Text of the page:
In July, People for the Ethical Treatment of Animals sent a letter to the mayor of Palisades Park, California, asking her to put an end to a city program of poisoning squirrels.
In a press release, PETA said,
Today, following a barrage of complaints from outraged Santa Monica residents, PETA fired off a letter to Santa Monica Mayor Pam OÂ’Connor, urging her to order city employees to immediately remove all pesticide currently being used to poison ground squirrels at Palisades Park and to establish strict policies prohibiting the use of poisons in Santa MonicaÂ’s parks. PETA points out that if the city is concerned about the possibility of the spread of disease, it should be targeting fleas and not squirrels or other animals.
Poisons cause immeasurable suffering and prolonged deaths for the animals who ingest them and for “nontarget” animals who consumeÂ—even in partÂ—the poisoned bodies. As PETAÂ’s wildlife caseworker, I often receive requests for information on proven humane methods of managing urban wildlife populations. For instance, if city officials are concerned about disease outbreaks, they should be targeting fleas rather than squirrels. To prevent the spread of plague, an online pamphlet produced by the LA County Department of Health called Facts About Plague in Los Angeles County outlines an effective flea-control strategy that employs bait stations to distribute insecticide dust on squirrelsÂ’ fur as they enter the stations. The flea powder, harmless to squirrels, kills the fleas living in squirrelsÂ’ fur, and when the squirrels carry the powder back to their subterranean homes, the powder also kills the fleas living in these burrows.
“Death from the poisons being used by the city is slow and agonizing,” says PETA Wildlife Biologist Stephanie Boyles. “No one knows how many animals have suffered and died, but the mayor has the power to stop this cruel program and the obligation to stop any violations of local, state, or federal laws relating to the poisoning.”
But PETA didn’t quite have all of the facts in the matter.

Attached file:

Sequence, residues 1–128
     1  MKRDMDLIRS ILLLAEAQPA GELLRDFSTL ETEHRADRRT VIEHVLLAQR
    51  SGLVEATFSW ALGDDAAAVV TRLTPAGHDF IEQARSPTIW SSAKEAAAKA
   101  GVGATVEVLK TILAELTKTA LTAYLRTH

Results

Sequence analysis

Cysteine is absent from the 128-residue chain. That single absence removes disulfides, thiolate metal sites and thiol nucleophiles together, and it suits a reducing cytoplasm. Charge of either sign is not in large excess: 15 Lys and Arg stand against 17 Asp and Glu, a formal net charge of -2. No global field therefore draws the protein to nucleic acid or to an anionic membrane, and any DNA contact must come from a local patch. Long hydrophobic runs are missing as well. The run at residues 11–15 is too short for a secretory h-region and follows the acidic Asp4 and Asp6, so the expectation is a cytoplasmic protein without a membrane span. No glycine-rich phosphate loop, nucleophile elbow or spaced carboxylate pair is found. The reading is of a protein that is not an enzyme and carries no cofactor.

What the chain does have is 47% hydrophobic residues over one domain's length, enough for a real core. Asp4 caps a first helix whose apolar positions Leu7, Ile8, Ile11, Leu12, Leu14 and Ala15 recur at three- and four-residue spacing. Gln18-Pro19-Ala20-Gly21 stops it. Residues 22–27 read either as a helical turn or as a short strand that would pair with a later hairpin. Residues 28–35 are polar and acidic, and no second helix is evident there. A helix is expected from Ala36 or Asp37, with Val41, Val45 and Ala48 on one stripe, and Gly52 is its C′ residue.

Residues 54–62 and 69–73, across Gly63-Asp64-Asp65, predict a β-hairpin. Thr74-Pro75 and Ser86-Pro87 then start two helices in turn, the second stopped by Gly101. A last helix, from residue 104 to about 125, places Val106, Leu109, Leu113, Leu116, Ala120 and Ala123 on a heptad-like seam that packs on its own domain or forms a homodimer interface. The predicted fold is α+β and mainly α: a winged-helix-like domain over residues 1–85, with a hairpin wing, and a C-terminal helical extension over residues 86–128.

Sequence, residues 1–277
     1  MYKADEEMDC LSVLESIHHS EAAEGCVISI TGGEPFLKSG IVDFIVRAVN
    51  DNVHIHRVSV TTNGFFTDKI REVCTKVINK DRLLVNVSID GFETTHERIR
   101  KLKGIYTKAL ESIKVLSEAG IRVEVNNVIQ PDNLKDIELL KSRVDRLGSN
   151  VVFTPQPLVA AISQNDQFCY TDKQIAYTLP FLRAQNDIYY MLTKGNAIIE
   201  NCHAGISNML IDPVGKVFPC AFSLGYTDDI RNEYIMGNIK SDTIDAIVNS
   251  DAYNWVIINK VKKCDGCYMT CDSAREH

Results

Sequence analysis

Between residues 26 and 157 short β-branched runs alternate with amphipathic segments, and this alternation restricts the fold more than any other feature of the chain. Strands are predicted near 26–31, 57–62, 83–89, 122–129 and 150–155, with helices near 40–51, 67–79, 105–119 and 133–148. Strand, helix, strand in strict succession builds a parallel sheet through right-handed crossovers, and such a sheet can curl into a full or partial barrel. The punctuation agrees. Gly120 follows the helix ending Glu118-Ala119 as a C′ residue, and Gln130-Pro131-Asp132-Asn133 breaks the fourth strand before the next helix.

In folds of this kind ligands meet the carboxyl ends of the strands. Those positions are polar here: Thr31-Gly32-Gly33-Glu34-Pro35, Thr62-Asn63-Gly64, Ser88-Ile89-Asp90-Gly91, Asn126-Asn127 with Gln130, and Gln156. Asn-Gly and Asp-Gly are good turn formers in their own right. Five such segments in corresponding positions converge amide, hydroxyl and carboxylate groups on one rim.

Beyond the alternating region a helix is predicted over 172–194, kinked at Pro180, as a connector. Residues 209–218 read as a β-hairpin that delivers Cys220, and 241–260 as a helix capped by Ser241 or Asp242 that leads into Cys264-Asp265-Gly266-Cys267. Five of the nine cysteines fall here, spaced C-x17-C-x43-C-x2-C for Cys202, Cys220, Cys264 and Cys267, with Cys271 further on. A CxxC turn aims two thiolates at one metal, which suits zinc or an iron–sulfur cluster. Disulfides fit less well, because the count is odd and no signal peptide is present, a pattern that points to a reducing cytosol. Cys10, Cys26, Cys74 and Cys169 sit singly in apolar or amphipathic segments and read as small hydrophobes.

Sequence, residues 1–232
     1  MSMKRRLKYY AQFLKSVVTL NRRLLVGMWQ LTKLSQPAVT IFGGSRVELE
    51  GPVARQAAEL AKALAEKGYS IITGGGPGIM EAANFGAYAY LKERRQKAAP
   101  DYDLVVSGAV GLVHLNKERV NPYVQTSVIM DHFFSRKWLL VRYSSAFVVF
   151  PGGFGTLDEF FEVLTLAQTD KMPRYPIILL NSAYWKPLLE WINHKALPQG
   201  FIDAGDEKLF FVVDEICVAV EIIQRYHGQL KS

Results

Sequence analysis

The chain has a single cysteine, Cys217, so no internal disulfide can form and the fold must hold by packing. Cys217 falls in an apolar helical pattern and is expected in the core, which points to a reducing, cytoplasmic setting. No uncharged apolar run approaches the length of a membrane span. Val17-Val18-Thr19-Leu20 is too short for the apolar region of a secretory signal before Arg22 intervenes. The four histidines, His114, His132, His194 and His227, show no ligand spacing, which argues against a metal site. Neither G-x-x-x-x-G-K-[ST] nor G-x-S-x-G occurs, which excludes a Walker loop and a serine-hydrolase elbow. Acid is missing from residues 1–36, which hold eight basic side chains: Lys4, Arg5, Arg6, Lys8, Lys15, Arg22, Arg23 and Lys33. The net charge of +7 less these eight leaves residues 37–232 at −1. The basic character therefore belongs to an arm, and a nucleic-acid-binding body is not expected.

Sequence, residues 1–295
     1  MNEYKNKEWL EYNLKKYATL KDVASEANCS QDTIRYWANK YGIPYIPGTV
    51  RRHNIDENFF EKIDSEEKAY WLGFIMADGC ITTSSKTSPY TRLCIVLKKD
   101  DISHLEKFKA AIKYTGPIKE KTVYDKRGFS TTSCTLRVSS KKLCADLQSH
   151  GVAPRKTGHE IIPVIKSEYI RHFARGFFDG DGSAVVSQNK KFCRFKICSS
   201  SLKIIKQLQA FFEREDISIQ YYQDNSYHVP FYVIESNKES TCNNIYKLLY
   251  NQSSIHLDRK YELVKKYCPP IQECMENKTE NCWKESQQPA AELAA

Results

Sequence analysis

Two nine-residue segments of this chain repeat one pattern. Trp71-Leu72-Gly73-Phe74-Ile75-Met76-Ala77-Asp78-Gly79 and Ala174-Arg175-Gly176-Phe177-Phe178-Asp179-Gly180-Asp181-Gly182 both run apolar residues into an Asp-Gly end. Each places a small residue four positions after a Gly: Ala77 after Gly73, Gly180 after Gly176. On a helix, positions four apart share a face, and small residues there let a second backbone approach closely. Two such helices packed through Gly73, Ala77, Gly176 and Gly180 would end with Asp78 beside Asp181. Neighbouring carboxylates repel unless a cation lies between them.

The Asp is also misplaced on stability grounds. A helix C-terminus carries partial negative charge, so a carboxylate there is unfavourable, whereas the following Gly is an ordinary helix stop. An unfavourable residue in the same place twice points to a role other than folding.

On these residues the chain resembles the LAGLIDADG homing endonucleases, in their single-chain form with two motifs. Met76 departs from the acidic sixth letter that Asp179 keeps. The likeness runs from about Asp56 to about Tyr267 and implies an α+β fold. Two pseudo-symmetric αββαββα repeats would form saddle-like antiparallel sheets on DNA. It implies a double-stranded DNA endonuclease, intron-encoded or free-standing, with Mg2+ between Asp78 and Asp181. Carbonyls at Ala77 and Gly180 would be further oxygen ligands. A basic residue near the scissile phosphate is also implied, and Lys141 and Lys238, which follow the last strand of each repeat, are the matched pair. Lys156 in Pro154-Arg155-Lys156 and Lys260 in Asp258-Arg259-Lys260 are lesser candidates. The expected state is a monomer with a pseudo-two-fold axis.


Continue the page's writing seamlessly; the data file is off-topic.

Palisades Park Mayor Pam O’Connor told the Santa Monica News that all poison bait had actually been removed in June. Moreover, the use of poison bait had been ordered by the Los Angeles County Department of Health, which PETA cites in its letter as favoring alternatives to poisoning!
The City of Santa Monica is not performing any ground squirrel suppression measures at this time. We stopped the last week of June, removing all the bait from the stations.
As you know, the City was ordered to suppress the ground squirrel population [by Los Angeles County]. The coastal belt of California is one of the high-risk areas for plague. Keeping the ground squirrel population down is a precaution against humans and pets being infected.
And while PETA’s letter said it had received “a barrage of complaints from outraged Santa Monica residents,” city officials told the Santa Monica News they had only received a complaints from a handful of people.
Judy Rambeau, assistant to the City Manager in charge of community relations, told the Santa Monica News,
I’ve gotten numerous calls and emails from two people. We heard a lot from the same people over and over and over again.
Of course, in PETA World, if two activists each call and e-mail officials 12 times, that translates to dozens of complaints!
Animal rights group calls for end to squirrel killings. Jorge Casuso, Santa Monica News, July 29, 2005.
PETA Calls On Santa Monica Mayor To End Cruel, Deadly Squirrel-Poisoning Program. Press Release, People for the Ethical Treatment of Animals, July 27, 2005.